Trump: ‘You make a mistake here, there is nothing to work out’, by Salena Zito.
It’s a little after 3 in the afternoon. Trump says he already has been up and working for 12 hours. He and first lady Melania Trump have met with Argentine President Mauricio Macri and his wife, Juliana Awada.
He has signed an executive order, creating an office to protect Veterans Affairs Department whistleblowers. Then he signed another, ordering an investigation of the relationship between aluminum imports and national security. …
Yet listen closely, especially when he speaks about decisions involving life and death, and you sense that sitting here, in the Oval Office, as the 45th president has humbled even Donald J. Trump.
“You can make a mistake in deals, and you work it out,” he explains at one point. “You make a mistake here, there is nothing to work out. You know it’s trouble. It could be big trouble. And it is life-threatening trouble for lots of people, potentially.” …
“It’s a very intensive process,” he says of the presidency. “Really intense. I get up to bed late and I get up early.” He rarely sleeps more than four hours, which is good, he explains, because he can call leaders around the world in the dark hours while the rest of Washington sleeps.
Death from Tomahawks:
In sharp contrast, Trump authorized the U.S. Navy to fire 59 Tomahawk cruise missiles against Syria in April after the regime of Bashar Assad attacked civilians with chemical weapons.
It was, he admits, his toughest decision so far. “I legitimized President Obama’s red line in the sand,” he says. “Which we had to do. I mean, somebody had to do it.”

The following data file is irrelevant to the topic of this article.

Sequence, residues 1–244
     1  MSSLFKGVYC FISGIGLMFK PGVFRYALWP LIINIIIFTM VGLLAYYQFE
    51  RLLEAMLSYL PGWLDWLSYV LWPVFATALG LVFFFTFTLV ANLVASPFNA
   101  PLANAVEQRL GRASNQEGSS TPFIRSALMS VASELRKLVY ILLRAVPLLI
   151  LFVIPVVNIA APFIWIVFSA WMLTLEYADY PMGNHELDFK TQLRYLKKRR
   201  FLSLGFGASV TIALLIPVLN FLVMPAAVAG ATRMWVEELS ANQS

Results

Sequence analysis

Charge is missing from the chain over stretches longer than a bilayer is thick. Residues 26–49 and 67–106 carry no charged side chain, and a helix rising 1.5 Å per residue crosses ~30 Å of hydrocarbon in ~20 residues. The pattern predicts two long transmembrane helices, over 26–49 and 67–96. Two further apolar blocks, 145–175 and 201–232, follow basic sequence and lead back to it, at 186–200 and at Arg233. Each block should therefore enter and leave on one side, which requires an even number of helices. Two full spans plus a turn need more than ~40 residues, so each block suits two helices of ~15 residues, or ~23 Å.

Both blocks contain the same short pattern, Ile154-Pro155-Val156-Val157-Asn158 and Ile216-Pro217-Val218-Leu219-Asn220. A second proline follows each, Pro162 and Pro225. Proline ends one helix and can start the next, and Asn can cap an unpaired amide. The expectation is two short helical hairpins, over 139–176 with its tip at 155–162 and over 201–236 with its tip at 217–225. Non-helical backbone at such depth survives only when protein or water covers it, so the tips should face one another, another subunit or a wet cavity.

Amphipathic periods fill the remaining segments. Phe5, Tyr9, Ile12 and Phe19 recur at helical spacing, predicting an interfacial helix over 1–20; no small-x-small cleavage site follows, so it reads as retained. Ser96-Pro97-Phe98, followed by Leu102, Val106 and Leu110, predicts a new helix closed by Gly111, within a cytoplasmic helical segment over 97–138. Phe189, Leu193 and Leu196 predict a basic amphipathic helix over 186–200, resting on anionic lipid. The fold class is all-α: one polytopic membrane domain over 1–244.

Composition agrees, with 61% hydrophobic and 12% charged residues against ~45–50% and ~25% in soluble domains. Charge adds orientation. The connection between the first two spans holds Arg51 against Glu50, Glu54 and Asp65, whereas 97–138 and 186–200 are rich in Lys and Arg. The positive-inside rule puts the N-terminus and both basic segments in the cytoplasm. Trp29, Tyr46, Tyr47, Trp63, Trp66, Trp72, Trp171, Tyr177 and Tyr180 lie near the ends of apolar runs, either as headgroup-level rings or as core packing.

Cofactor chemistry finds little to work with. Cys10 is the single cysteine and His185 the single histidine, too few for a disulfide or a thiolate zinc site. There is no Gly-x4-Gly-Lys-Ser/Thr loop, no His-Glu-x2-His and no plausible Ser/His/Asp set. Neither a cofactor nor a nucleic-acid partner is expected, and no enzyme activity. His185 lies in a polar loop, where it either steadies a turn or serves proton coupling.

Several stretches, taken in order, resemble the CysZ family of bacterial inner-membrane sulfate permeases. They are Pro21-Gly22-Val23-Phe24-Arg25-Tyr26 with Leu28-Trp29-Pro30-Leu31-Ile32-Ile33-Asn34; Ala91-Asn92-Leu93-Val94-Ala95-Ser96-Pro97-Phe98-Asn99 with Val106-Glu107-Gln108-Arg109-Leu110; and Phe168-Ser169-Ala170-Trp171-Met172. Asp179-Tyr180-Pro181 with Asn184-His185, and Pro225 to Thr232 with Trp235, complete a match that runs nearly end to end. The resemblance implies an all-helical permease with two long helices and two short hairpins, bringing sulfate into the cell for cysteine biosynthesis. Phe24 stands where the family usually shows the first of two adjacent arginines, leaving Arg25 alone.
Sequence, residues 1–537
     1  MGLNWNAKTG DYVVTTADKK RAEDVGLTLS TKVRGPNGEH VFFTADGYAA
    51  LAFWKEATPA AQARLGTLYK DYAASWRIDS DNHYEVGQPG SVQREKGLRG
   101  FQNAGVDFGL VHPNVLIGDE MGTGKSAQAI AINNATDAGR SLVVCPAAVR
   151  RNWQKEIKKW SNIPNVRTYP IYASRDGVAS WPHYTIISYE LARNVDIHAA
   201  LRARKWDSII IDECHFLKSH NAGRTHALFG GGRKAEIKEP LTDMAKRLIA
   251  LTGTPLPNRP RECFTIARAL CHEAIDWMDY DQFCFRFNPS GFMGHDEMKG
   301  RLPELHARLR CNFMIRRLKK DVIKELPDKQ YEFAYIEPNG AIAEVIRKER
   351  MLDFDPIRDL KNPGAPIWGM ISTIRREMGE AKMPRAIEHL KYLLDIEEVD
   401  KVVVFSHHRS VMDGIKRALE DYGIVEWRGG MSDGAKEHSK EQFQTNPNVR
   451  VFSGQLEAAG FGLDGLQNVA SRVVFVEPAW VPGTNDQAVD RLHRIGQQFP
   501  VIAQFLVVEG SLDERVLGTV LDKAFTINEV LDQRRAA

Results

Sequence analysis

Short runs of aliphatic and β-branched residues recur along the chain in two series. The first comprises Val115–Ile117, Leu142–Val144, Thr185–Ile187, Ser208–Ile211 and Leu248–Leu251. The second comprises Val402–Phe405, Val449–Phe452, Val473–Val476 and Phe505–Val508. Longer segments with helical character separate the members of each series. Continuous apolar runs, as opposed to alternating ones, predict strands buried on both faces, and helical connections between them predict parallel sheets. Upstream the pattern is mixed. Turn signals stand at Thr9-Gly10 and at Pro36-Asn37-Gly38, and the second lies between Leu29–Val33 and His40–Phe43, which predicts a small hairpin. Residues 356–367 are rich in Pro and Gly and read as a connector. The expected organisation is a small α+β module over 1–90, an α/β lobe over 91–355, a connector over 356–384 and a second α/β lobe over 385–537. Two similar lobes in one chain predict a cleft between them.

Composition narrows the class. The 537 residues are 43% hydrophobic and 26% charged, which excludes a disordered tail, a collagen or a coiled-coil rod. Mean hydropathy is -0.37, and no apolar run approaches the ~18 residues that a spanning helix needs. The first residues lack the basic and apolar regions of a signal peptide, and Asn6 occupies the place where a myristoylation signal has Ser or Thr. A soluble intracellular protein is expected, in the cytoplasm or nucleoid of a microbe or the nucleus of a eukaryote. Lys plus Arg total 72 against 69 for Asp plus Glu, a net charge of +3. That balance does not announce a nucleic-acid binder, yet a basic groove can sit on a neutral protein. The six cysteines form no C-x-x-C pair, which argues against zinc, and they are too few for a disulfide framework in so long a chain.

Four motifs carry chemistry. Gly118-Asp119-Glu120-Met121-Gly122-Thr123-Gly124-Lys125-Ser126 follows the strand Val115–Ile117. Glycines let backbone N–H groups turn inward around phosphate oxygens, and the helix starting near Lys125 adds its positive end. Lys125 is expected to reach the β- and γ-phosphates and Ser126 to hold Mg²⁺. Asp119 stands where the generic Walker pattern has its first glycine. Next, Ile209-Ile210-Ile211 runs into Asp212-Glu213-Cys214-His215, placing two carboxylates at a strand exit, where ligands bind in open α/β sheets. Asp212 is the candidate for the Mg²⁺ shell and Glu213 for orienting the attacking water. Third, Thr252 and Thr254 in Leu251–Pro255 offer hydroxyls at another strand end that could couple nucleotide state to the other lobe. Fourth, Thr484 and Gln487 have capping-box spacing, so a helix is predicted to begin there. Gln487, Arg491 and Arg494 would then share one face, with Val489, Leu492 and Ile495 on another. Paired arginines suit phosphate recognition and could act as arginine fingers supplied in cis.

Nevertheless, it was, he says, an incredibly difficult moment: “First of all, it is a hard decision. You don’t know what is going to happen,” once the missiles are fired. “Is one of them going to go haywire and end up in a city or in a town and kill a lot of people?
“But it was an important decision. Not an easy decision to make. Because you know, when you say ‘yes,’ there is death. … And death is very tough. Very tough. There is a lot of weight on this kind of decision.” …
Back to business after the interview:
An atmosphere — friendly, happy, energetic — infuses the Oval Office, already glowing with afternoon sunlight. You find yourself wondering what the next discussion among these figures will be, how it might add to two centuries of history, sometimes good, sometimes terrifying, that has unfolded within these curved walls.
And you wonder, too, what keeps this president awake at night?
“Not much,” he says, simply. “I don’t sleep but, then again, I never did.”
So the left was wrong — he is not Hitler, nor stupid.